In light of the recent, lamented death of Leonard Nimoy, the celebrated actor best-known and best-loved for portraying Commander Spock, science officer of the Enterprise, on the original series of Star Trek, I thought it might be a good idea to explore some of the continuing relevance and prescience of the series he pioneered. On occasion, I’ve half-seriously proposed that the original run of Star Trek ought to be required viewing for all American policymakers. But it is sadly somewhat fashionable nowadays in American media and pop culture, particularly that surrounding science-fictional works and space dramas, to rag on Star Trek – even by the people responsible for continuing it, and the people who have built careers emulating it. The vision of Gene Roddenberry regarding humanity, it is far too often said, is far too naïve – the humans he envisions in the future are too idealised, too rational and too pacifistic. Joss Whedon, the creator of Firefly (which he described as an anti-Star Trek), critiqued the universe Roddenberry imagined as far too ‘sterile’, not a place where real people are allowed to live. Even the franchise has become a critic of itself: J. J. Abrams’s rebooted movie series first advertised itself as ‘not your father’s Trek’, and it has actively tried to shed the stodgy formulas of the original series and The Next Generation even as it has capitalised on original-series nostalgia.
There are elements of this Star Trek critique that have merit, and that I will readily agree with. All the same, I find this overall trend rather unfortunate, in part because the original series is actually becoming more and more relevant again as our political culture regresses daily to the cultural and geopolitical madness of the early 1960’s. And far from being a series in which human beings (as the Trek stereotype often goes) have already been perfected and purged of all traces of prejudice, the original series very often held up a mirror to the very real human weaknesses it saw around it. In ‘A Taste of Armageddon’, the writers actually did more to examine human frailty and short-sightedness than many of the television shows which came after it. Far from having all his imperfections glossed over, the makers of Star Trek recognised the human being as fallen: ‘a killer first, a builder second; a hunter, a warrior and… a murderer’, and as fighting a protracted ascetic struggle against his own nature: ‘we can admit that we’re killers; but we’re not going to kill today!’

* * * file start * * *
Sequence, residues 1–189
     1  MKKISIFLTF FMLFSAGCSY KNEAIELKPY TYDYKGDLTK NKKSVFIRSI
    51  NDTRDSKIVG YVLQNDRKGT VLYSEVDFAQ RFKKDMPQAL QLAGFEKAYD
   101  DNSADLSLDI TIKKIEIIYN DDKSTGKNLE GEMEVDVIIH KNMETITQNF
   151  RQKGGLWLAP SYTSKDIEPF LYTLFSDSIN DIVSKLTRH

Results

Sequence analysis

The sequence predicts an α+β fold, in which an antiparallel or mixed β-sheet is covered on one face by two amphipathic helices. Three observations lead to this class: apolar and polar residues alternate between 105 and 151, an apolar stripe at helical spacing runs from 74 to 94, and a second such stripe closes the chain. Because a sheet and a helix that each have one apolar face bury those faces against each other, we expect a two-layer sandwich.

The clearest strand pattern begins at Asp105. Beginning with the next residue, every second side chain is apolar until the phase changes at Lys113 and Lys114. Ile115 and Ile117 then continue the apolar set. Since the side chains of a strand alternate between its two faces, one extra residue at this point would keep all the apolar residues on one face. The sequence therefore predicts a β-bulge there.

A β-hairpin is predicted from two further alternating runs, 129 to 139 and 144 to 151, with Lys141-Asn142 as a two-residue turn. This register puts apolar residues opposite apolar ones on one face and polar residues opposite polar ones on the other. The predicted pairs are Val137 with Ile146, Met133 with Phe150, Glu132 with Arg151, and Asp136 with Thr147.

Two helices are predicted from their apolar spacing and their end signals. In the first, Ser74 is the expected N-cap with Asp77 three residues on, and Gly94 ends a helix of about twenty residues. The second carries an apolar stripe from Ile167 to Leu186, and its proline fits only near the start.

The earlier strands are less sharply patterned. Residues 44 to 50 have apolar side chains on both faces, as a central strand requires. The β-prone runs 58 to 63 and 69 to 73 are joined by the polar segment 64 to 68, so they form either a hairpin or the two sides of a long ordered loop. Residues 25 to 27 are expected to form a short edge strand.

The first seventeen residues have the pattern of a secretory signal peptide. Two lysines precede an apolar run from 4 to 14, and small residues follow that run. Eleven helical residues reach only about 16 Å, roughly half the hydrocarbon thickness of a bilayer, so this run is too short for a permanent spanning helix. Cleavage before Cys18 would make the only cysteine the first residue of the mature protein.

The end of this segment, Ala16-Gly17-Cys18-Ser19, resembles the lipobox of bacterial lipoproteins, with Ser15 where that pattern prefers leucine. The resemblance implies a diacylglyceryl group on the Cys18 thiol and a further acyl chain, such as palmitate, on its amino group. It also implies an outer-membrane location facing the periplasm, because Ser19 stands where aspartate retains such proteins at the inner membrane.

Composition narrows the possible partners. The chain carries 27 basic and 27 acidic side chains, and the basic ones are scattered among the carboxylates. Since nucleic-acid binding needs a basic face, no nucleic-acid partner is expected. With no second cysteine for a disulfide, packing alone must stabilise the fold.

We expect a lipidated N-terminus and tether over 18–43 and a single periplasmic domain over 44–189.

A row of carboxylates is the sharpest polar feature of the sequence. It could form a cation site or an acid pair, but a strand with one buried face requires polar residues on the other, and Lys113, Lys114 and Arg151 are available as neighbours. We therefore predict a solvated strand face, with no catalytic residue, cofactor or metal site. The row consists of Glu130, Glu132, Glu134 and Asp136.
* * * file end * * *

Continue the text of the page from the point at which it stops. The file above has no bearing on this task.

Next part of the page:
In addition, ‘A Taste of Armageddon’ highlights the very real dangers of a technological war that has been sanitised, that is fought by computerised simulation from a distance, while the ‘casualties’ of each simulated strike are herded into disintegration booths. Given the current debates amongst leftists and civil libertarians around drone warfare, this particular episode could very well have been written last week, and it would have been every bit as relevant and poignant. In the end, Kirk, Spock and McCoy destroy the simulators which regulate the war between the planets Eminiar VII and Vendikar. Captain Kirk tells the administrator of Eminiar after he destroys the simulators: ‘I’ve given you back the horrors of war.’ But more than that, the deeper point is that what Kirk has restored to Eminiar is a basis for solidarity between the warring parties. Though it’s unlikely Vladimir Solovyov’s personalism was directly on the minds of Gene Coon and Robert Hamner as they wrote it, the point they reach is ultimately a Solovyovian one: a just peace (or indeed, any just outcome) can only be reached if war is no longer abstracted from the society that is fighting it, and if human beings on both sides bear analogous human costs and risks.